Okinawa tourism officials want waterfall off-limits to US military after death
CAMP FOSTER, Okinawa — Okinawan officials are working to keep the U.S. military community away from Aha Falls — a spot popular with servicemembers and tourists for hiking and cliff jumping — in the wake of an airman’s tragic death over the weekend.
Shannon Purcell, 19, died Saturday after slipping and falling 15 feet into the Tanaga Gumui basin at about 12:40 p.m., according to Japanese fire and rescue officials. Purcell was observed struggling in the water, but by the time her friends reached her, she had disappeared beneath the surface. She was recovered at approximately 5:30 p.m. by Japanese fire and rescue divers.
In response, tourism officials from Kunigami village filed a request Monday with the U.S. military through the Okinawa Defense Bureau to make the site off-limits to Americans in the military community, according to a spokesman for the village’s tourism office. Bureau officials delivered a letter to the U.S. military on Wednesday.
The village also asked the Okinawa Regional Forest Office and the Okinawa prefectural government, which manage the nationally owned forests that lead to the falls and the river connected to the falls, respectively, to restrict access to the area.
“It is not a site that we advertise as a tourist spot, nor park or recreational spot,” said Kunigami village tourism official Kosuke Miyazato. “Basically, it is an area where no one should be. Drowning accidents have been happening there. Despite that, people continue to go there.”
The falls are adjacent to the former Northern Training Area so they are administered by the Okinawa Defense Bureau, Miyazato said. In December, about half of the Northern Training Area was closed and returned to Japan.
Miyazato said he did not know how Americans hear about the falls, but they continue to come in droves.
A quick internet search on Wednesday showed several American-friendly travel sites with pages about the falls. In the comments section of Okinawahai.com, Americans described rope swings and the beauty of the site, but they also described its dangers.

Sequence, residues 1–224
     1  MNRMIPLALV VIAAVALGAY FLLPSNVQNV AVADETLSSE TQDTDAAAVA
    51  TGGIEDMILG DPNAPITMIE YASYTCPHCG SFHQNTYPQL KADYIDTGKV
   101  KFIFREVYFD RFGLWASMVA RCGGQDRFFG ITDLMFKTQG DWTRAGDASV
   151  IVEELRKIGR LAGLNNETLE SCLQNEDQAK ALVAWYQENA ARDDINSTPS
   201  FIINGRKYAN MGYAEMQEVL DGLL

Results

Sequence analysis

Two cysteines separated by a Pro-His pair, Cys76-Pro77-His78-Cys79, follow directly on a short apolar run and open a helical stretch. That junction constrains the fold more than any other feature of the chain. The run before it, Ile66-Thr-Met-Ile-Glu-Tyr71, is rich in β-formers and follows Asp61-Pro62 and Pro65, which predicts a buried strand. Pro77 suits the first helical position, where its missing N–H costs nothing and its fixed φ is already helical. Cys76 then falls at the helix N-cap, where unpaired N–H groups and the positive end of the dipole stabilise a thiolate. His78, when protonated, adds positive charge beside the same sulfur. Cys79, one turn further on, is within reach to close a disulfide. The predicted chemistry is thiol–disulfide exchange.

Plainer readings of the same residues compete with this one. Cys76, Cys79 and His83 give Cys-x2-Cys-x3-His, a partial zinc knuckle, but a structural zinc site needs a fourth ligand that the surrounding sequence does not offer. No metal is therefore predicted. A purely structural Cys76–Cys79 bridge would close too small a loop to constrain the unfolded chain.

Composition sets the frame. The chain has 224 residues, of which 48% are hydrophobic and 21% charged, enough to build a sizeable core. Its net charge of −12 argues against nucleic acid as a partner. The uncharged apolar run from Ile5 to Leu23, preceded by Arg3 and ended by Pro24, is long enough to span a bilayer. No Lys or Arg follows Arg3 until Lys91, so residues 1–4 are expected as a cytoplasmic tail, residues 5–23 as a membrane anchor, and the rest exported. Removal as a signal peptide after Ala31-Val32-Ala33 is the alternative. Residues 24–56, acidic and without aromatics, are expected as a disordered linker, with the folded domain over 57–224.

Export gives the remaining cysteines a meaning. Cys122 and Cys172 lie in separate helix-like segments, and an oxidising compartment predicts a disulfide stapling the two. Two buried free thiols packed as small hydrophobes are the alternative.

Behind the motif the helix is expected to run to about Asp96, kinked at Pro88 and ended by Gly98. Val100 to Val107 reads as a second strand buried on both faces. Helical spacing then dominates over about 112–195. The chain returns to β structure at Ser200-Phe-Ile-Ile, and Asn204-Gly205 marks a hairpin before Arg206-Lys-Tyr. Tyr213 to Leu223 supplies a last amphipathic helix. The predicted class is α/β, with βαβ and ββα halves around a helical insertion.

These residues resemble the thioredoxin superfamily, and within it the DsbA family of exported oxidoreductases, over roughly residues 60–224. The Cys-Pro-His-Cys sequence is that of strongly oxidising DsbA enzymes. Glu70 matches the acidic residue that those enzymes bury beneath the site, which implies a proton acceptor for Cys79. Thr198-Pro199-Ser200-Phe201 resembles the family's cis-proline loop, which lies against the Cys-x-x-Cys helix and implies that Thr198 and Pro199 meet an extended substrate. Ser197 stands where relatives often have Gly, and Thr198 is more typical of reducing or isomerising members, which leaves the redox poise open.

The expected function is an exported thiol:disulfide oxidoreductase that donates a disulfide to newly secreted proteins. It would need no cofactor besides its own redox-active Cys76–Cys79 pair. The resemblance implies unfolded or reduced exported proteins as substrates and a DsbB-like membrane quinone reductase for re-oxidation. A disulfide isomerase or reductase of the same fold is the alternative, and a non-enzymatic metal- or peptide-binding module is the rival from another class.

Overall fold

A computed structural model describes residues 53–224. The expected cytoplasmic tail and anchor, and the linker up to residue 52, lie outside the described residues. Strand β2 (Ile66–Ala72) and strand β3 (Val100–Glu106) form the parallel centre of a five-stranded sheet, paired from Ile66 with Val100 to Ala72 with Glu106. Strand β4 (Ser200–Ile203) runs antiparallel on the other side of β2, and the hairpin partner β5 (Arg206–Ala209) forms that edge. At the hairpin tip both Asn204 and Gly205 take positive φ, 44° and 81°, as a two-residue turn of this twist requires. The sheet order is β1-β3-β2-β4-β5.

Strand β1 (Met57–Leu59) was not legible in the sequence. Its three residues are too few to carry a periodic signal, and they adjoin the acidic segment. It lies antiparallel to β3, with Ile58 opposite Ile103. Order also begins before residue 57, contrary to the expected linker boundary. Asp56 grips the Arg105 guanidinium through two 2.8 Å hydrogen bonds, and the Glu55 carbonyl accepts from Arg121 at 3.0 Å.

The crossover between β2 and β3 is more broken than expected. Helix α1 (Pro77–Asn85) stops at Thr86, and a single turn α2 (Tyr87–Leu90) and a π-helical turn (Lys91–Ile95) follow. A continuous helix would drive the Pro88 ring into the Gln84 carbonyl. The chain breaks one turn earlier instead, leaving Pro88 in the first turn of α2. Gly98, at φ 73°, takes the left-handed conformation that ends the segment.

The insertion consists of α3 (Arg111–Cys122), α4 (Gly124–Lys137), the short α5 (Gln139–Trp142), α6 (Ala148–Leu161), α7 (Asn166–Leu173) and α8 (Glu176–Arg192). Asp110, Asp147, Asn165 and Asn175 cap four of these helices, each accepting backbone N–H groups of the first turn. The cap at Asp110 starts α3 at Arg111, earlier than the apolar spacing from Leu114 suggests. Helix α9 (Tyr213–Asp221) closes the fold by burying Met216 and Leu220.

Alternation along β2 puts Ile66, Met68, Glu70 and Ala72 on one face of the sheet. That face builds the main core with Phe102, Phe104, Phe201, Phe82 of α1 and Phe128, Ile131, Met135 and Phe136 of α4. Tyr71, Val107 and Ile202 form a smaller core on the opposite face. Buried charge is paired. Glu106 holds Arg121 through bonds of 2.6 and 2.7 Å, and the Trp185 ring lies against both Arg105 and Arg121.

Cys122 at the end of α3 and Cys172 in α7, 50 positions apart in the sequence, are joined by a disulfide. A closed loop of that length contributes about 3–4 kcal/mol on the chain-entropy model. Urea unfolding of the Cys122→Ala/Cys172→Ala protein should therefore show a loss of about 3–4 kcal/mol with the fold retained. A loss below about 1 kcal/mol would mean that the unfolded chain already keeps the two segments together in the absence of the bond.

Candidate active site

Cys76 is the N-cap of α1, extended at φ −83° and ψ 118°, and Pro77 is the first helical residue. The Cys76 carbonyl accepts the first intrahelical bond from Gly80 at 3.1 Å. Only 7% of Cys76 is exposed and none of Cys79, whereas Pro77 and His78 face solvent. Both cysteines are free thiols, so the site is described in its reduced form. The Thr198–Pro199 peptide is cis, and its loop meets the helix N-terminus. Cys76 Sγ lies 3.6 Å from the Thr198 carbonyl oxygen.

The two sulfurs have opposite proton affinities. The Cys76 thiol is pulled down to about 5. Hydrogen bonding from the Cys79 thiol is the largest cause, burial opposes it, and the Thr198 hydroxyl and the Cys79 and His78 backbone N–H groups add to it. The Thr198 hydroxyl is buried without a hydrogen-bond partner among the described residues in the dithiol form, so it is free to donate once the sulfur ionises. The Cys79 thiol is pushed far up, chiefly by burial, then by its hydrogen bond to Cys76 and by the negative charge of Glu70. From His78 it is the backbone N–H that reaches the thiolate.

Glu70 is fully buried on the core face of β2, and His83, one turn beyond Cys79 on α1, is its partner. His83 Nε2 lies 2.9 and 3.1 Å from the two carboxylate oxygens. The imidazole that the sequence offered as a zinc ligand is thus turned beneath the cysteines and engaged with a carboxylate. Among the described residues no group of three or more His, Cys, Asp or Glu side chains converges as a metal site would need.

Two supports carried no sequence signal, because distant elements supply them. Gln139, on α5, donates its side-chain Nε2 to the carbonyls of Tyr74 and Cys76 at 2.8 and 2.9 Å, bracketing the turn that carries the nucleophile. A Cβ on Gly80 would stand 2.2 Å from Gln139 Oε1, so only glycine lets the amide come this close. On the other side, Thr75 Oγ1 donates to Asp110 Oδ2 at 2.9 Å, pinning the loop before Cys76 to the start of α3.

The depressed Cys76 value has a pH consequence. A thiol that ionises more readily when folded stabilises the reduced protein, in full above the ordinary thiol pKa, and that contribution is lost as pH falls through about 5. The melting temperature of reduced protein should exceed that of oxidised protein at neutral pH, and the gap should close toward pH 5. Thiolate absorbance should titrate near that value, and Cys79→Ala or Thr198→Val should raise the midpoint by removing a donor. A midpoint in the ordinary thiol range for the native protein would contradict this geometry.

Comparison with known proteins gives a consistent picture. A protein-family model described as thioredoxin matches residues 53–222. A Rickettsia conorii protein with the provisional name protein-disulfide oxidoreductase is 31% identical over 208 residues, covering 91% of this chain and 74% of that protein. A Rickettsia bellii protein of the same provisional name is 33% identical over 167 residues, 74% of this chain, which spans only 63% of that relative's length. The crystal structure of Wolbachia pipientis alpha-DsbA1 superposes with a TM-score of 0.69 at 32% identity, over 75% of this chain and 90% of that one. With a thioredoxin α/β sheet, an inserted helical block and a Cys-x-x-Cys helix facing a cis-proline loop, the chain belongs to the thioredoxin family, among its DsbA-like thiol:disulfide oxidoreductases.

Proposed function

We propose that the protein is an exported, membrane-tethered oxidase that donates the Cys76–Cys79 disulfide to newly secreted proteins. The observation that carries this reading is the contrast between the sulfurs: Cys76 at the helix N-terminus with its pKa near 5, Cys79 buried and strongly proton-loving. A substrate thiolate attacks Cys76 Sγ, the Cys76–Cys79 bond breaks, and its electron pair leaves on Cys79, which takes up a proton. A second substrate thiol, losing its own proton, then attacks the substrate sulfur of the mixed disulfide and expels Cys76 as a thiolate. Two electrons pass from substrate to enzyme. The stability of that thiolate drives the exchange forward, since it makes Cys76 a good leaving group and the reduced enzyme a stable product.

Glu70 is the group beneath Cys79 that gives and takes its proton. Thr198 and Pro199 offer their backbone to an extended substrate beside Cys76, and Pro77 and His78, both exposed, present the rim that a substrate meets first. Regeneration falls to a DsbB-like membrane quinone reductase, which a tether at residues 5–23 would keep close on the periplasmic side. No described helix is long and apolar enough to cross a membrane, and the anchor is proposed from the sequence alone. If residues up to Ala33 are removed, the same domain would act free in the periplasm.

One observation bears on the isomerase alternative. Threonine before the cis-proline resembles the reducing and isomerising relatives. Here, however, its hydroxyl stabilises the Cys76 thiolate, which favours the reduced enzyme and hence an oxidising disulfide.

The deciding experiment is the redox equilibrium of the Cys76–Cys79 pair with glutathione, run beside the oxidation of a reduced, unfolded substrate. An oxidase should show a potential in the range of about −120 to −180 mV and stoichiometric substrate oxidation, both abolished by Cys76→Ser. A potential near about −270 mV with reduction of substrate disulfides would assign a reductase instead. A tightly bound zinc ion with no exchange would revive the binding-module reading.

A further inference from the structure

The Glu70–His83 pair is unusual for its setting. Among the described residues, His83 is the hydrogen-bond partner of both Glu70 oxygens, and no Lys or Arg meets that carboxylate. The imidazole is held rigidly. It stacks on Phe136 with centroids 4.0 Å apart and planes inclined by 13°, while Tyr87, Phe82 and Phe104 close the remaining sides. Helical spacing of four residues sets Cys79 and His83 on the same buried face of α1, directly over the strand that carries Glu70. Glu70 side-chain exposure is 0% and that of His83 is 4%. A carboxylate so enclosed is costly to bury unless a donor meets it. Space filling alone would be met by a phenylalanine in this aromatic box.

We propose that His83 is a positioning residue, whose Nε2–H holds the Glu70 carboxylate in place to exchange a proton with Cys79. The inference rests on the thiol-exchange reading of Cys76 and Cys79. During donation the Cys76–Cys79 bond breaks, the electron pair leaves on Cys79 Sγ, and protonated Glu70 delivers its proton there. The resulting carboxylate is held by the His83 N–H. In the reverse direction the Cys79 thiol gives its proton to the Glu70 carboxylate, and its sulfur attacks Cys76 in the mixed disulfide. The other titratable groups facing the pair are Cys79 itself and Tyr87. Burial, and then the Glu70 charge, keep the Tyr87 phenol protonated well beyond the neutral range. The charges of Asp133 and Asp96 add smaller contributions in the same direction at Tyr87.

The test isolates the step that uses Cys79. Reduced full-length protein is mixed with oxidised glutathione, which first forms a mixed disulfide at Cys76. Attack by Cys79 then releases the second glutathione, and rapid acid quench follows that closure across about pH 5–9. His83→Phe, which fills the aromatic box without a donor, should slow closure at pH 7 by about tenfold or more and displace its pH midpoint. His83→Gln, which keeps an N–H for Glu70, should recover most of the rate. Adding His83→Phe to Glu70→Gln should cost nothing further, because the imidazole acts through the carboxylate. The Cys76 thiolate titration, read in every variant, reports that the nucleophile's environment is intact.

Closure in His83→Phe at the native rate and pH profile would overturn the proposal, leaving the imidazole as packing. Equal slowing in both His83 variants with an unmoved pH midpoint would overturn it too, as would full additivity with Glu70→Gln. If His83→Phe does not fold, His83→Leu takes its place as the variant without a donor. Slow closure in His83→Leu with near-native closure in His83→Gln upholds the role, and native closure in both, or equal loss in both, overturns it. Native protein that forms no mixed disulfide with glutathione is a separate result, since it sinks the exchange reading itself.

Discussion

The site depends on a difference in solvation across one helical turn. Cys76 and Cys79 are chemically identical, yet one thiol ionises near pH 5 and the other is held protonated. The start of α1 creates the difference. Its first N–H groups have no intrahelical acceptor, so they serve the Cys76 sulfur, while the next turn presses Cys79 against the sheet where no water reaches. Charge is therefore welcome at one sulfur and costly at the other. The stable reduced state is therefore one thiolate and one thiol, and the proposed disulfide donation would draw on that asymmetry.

“There are a few places to jump off of the rocks that are anywhere from 5-15ft high, but YOU MUST CHECK THE DEPTH before jumping,” a commenter wrote. “There are rocks beneath if you don’t get it right.”
Local officials said that the falls are known in the community for frequent water-related accidents. Signs warning of deep water and a high risk are posted in both English and Japanese. Due to the dangers and its reputation, locals said that they stay away for the most part.
“We take the accident seriously and asked the military through the Okinawa Defense Bureau to disseminate word that it is a dangerous place and not a play spot,” Miyazato said.
Kunigami fire officials said they were at the falls two days prior to this incident, when a 45-year-old Japanese man fell and required rescue.
Prior to Purcell’s death, a Japanese citizen died at the falls on Aug. 20, 2014, officials said.
Since August 2013, there have been two deaths, another near drowning, 10 falls resulting in injury and rescue, and several cases of broken bones.
Purcell was part of a group that arrived at the falls at about 11 a.m. Saturday, a spokesman for the Okinawa prefectural police in Nago said, citing the Americans at the scene. They were diving from the rocks into the basin, swimming and hiking in the area when the incident occurred.
The cause of the accident is still under investigation, but the spokesman, citing witnesses, said Purcell fell after losing her footing. Her friends called for help and searched for her while they awaited police and fire and rescue officials.
Japanese fire and rescue officials arrived at the scene at 1:20 p.m., they said. Police arrived about 30 minutes later.
The 18th Wing’s 33rd and 31st Rescue Squadrons responded to the scene at about 5 p.m., according to an Air Force statement. Purcell was found approximately 30 minutes later and brought to a hospital, where she was pronounced dead at about 6:30 p.m.
Purcell was found at the bottom of the approximately 26-foot-deep basin, Japanese fire and rescue officials said. She wore a T-shirt and shorts but no life jacket. Rescue divers were hampered by increased water volume at the falls after heavy morning rains and low visibility.
In the wake of the tragedy, the Okinawa defense bureau vowed to take appropriate measures.
“The access to the falls is currently under our management following the return of the training area,” said a spokesman for the defense bureau. “We will take appropriate measures by consulting with parties involved.”